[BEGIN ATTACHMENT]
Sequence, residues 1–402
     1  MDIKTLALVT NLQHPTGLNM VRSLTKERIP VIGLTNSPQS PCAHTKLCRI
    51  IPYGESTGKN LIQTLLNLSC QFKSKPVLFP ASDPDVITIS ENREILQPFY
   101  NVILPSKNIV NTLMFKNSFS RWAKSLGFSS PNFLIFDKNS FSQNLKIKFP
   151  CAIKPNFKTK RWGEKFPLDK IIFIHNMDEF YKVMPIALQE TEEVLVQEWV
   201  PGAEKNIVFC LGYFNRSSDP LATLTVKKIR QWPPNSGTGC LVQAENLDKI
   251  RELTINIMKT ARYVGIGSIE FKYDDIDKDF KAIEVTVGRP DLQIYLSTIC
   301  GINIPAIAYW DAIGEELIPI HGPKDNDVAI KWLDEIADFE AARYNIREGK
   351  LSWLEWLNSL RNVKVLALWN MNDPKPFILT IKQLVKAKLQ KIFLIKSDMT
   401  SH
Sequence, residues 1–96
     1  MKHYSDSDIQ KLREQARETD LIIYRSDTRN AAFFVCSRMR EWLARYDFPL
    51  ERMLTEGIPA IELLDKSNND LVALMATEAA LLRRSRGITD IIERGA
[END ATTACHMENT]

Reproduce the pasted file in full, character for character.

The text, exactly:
Sequence, residues 1–402
     1  MDIKTLALVT NLQHPTGLNM VRSLTKERIP VIGLTNSPQS PCAHTKLCRI
    51  IPYGESTGKN LIQTLLNLSC QFKSKPVLFP ASDPDVITIS ENREILQPFY
   101  NVILPSKNIV NTLMFKNSFS RWAKSLGFSS PNFLIFDKNS FSQNLKIKFP
   151  CAIKPNFKTK RWGEKFPLDK IIFIHNMDEF YKVMPIALQE TEEVLVQEWV
   201  PGAEKNIVFC LGYFNRSSDP LATLTVKKIR QWPPNSGTGC LVQAENLDKI
   251  RELTINIMKT ARYVGIGSIE FKYDDIDKDF KAIEVTVGRP DLQIYLSTIC
   301  GINIPAIAYW DAIGEELIPI HGPKDNDVAI KWLDEIADFE AARYNIREGK
   351  LSWLEWLNSL RNVKVLALWN MNDPKPFILT IKQLVKAKLQ KIFLIKSDMT
   401  SH
Sequence, residues 1–96
     1  MKHYSDSDIQ KLREQARETD LIIYRSDTRN AAFFVCSRMR EWLARYDFPL
    51  ERMLTEGIPA IELLDKSNND LVALMATEAA LLRRSRGITD IIERGA